Tuesday, February 27, 2007

From THE DHAMMAPADA "CHOICES" Translated by Thomas Byron

This piece has always been my favourite from Dhammapada.
And I really like this translation.
Every line speaks directly to my soul... with lots of space around it.
When I first read it, I especially loved the line;
"You too shall pass away. Knowing this, how can you quarrel?"
Pema Chodron, another wonderful meditation teacher from Shambala tradition said 'when you look at someone, you are definitely looking at a dying person.' And knowing this has a very interesting effect on how we feel about the person.
When I try it, I am able to find more friendliness, compassion, love and forgiveness toward the person whether he/she is a benefactor or someone who caused pain and harm to me. (well, can be challenging, I know - but stil, even in heated emotions, it certainly creates some space)
Maybe you can have a go at this interesting experiment yourself and let me know what your experiences were. I'd be interested to hear from you.
Recently, my friend reminded me of something important. During a very casual conversation, he said 'we are here for a short time, right?' I was very grateful he'd said that.

Ram Dass, who wrote the preface to this edition of the Dhammapada, wrote "Read them slowly... a phrase at a time. Let them feed your soul."

So enjoy this piece, read it slowly, a phrase at a time, if you can. And maybe come back to it again and again whenever you are called back to it.

- - - - - - - -

We are what we think.
All that we are arises with our thoughts.
With our thoughts we make the world.
Speak or act with an impure mind
And trouble will follow you
As the wheel follows the ox that draws the cart.

We are what we think.
All that we are arises with our thoughts.
With our thoughts we make the world.
Speak or act with a pure mind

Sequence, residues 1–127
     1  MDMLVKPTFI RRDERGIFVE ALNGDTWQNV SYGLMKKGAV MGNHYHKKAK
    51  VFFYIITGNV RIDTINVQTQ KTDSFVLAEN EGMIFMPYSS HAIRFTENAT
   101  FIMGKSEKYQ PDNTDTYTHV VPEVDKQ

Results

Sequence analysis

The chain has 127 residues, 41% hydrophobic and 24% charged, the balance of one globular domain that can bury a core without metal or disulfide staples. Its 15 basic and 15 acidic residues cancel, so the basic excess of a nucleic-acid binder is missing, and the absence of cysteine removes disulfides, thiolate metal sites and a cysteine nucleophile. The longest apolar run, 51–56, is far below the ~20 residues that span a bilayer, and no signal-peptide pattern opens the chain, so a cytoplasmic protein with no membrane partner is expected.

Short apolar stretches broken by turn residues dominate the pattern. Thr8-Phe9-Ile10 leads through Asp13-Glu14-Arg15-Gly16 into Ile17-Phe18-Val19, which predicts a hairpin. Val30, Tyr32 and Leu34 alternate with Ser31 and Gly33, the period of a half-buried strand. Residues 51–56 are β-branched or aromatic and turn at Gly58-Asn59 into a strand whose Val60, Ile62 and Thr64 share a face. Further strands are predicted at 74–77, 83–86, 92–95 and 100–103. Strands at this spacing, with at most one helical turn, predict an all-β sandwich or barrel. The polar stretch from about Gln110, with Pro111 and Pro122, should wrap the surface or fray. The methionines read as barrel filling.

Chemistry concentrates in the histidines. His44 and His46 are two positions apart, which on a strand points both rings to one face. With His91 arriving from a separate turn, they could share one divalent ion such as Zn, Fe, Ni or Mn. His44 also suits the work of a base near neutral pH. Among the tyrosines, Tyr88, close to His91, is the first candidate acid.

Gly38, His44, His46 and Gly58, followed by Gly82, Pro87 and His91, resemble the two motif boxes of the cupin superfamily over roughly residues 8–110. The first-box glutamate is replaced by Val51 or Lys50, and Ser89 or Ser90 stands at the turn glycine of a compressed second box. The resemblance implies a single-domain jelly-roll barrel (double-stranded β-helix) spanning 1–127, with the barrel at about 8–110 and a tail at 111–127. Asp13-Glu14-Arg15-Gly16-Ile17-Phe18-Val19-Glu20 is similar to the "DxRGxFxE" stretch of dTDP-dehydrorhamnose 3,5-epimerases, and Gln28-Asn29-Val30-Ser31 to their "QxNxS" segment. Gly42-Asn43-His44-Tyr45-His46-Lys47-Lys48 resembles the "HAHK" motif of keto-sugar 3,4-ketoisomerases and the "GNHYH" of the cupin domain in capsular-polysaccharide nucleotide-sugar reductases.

And happiness will follow you
As your shadow, unshakable.

“Look how he abused me and beat me,
How he threw me down and robbed me.”
Live with such thoughts and you live in hate.

“Look how he abused me and beat me,
How he threw me down and robbed me.”
Abandon such thoughts, and live in love.

In this world
Hate never yet dispelled hate.
Only love dispels hate.
This is the law,
Ancient and inexhaustible.

You too shall pass away.
Knowing this, how can you quarrel?

How easily the wind overturns a frail tree.
Seek happiness in the senses,
Indulge in food and sleep,
And you too will be uprooted.
The wind cannot overturn a mountain.
Temptation cannot touch the man
Who is awake, strong and humble,
Who masters himself and minds the law.

If a man’s thoughts are muddy,
If he is reckless and full of deceit,
How can he wear the yellow robe?

Whoever is master of his own nature,
Bright, clear and true,
He may indeed wear the yellow robe.

Mistaking the false for the true
And the true for the false,
You overlook the heart
And fill yourself with desire.

See the false as false,
The true as true.
Look into your heart.
Follow your nature.

An unreflecting mind is a poor roof.
Passion, like the rain, floods the house.
But if the roof is strong, there is shelter.

Whoever follows impure thoughts
Suffers in this world and the next.
In both worlds he suffers
And how greatly
When he sees the wrong he has done.

But whoever follows the law
Is joyful here and joyful there.
In both worlds he rejoices
And how greatly
When he sees the good he has done.

For great is the harvest in this world,
And greater still in the next.

However many holy words you read,
However many you speak,
What good will they do you
If you do not act upon them?

Are you a shepherd
Who counts another man’s sheep,
Never sharing the way?

Read as few words as you like
And speak fewer.
But act upon the law.

Give up the old ways –
Passion, enmity, folly.
Know the truth and find peace.
Share the way.

translated by Thomas Byrom

- - - - - - - -
About Dhammapada;
Dhammapada is a collection of the sayings of the Buddha.
They were probably first gathered in Northan India in the third century B.C., and originally written down in Sri Lanka in the first century B.C.

"Dhamma" means law, justice, righteousness, discipline, truth.
(I find that difficult whenever this word or "Braman" are attenpted to be put in words)
"Pada" means path, step, foot, foundation.

It was originally transmitted and recorded in Pali language and it's become the principal scripture for Buddhists in Sri Lanka and Southeast Asia.

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